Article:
RFID can help construction firms manage assets more efficiently
As many in the construction industry can probably attest, keeping track of building materials, equipment and work tools on-site can come with its fair share of challenges. Radio-frequency identification (RFID) technology, however, can offer a solution to this problem, enabling contractors and site managers to better track and manage their assets, many of which are considerably high-value items.
Canada-based Intelliwave Technologies saw an opportunity in the market when major engineering, procuring and construction (EPC) firms often faced issues keeping track of materials required to build facilities they were working on.
“If you don’t have your materials, you can’t build your facility according to the schedule,” says Dale Beard, CEO and co-founder of the Alberta-based firm, which specialises in providing RFID and GPS materials tracking solutions for large industrial construction projects.
Delays cost time and money, and therefore incentivise firms to try to find an alternative that helps them manage assets more efficiently. Enter SiteSense, a solution offered by the firm that combines sensor tags (barcode, RFID and GPS), readers, mobile devices and web-based software and support services. SiteSense provides construction firms visibility of their assets, like materials or equipment, from suppliers to project-site warehouse and finally into installation.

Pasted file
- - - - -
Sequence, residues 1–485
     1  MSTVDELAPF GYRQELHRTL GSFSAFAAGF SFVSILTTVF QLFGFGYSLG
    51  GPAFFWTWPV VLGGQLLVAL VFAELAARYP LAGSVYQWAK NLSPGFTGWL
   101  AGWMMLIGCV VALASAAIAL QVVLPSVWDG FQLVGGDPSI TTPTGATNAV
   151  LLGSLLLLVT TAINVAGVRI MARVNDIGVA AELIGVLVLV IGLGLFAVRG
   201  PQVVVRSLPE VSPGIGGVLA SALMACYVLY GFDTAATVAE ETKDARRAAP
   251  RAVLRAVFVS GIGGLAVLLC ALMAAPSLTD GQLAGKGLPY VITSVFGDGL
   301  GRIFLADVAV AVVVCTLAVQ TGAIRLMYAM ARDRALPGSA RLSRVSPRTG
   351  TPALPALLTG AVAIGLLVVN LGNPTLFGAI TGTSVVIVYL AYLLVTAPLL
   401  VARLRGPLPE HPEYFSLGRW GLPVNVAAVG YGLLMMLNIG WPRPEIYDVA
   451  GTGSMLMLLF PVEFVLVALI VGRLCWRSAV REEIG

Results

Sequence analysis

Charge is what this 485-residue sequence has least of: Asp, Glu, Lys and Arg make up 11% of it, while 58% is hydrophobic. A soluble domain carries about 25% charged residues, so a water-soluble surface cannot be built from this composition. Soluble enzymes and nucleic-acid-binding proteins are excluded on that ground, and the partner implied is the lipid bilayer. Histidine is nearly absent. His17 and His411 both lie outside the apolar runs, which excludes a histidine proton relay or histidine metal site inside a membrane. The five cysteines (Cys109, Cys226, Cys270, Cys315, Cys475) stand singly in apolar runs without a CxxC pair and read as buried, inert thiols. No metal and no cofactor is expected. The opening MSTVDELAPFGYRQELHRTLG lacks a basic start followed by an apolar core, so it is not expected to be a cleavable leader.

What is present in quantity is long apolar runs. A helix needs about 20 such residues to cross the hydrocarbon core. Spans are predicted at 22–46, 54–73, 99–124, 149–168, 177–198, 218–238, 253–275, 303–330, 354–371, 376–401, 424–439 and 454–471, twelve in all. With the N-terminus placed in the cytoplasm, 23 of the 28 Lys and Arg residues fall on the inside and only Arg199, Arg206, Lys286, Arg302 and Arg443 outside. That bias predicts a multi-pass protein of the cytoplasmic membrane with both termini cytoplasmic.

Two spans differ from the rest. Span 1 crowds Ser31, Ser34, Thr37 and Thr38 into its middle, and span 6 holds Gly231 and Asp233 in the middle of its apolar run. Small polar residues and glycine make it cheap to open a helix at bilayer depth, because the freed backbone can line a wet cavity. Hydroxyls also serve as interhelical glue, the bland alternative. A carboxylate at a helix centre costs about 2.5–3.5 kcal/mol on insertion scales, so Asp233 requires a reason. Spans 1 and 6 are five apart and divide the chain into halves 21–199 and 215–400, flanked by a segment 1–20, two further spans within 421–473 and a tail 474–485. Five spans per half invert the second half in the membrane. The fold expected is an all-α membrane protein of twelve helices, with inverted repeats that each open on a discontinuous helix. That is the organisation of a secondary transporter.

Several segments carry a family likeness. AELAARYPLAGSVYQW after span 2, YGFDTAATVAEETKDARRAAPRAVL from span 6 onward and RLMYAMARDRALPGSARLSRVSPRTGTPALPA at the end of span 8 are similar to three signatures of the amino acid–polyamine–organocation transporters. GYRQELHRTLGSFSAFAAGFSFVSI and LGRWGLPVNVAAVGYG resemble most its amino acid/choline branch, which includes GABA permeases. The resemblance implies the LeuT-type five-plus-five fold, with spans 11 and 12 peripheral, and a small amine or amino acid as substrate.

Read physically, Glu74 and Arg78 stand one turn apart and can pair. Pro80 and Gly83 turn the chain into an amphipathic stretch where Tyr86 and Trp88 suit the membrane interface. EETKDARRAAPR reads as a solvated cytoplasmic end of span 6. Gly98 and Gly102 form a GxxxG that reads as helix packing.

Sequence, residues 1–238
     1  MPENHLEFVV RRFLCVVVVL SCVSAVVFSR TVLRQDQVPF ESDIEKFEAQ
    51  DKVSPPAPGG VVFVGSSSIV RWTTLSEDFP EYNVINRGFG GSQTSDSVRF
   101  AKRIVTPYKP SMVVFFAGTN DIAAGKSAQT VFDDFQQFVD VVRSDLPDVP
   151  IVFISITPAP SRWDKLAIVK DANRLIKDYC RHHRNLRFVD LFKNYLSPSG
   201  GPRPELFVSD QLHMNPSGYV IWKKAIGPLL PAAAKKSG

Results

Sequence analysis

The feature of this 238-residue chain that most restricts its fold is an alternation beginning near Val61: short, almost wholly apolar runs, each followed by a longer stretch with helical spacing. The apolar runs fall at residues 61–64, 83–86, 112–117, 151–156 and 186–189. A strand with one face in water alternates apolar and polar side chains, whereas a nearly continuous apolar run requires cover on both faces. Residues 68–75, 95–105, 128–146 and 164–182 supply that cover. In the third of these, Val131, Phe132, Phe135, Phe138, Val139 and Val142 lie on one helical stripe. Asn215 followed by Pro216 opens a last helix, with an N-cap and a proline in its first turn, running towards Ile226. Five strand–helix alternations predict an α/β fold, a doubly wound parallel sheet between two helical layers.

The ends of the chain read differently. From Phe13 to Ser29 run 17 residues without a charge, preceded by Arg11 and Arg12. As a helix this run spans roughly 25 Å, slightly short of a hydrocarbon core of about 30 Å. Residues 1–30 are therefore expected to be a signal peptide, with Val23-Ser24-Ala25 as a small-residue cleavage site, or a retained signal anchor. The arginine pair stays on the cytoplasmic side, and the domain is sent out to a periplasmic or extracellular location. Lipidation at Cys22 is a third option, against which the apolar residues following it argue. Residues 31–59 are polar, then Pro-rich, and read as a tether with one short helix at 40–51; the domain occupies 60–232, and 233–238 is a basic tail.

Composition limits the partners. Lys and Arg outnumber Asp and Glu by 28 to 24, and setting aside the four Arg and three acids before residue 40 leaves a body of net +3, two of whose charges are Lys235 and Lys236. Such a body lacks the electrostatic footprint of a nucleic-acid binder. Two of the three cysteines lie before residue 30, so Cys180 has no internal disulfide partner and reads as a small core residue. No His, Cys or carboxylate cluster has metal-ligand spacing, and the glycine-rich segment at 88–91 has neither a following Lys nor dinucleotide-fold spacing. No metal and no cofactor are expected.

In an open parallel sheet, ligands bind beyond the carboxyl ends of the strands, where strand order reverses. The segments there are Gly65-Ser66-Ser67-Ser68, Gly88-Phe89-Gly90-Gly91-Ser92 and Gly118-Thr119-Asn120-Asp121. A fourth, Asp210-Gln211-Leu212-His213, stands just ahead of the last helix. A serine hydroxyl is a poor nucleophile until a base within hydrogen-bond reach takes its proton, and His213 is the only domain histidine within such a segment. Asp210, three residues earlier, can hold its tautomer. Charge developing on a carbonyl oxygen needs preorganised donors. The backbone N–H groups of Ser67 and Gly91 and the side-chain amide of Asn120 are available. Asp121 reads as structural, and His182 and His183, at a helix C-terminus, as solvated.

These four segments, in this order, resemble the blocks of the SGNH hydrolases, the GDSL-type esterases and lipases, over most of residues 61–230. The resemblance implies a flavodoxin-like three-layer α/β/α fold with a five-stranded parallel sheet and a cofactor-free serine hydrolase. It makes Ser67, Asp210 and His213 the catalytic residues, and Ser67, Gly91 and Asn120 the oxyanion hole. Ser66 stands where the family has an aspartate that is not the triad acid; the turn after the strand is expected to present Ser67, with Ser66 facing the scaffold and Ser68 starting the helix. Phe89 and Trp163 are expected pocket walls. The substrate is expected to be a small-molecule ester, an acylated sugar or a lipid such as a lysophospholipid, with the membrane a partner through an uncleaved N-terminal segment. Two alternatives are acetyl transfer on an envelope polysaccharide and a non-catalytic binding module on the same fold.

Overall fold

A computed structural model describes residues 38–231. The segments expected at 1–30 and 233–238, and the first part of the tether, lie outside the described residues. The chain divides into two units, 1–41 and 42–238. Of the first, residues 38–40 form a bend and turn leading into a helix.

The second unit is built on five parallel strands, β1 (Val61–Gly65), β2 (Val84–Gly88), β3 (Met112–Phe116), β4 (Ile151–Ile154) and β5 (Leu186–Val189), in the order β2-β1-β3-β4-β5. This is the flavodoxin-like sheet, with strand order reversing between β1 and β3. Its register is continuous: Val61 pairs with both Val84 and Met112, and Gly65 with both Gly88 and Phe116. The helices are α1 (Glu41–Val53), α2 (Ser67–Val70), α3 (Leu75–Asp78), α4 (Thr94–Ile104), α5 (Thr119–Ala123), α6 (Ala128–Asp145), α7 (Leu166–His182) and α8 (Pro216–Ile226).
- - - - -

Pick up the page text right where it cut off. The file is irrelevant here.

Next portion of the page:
Typically, Intelliwave Technologies works with suppliers, vendors or fabricators and attaches sensors to the equipment or the fabricated goods, Beard says. “As soon as it becomes visible on our system, we start tracking it and tracing it. When it gets to the project site, we usually have automated infrastructure to track materials as they move from one location to another.”
Materials tracked could be anything from pipe spools to structural steel. “In some cases, we track consumables or some of the bulk items as well, depending on what they are.”
As far as equipment tracking is concerned, Beard says there are normally two categories of machinery: manned and non-manned. Non-manned typically refers to equipment like light stands, generators and welders, while manned equipment includes cranes, trucks and so on.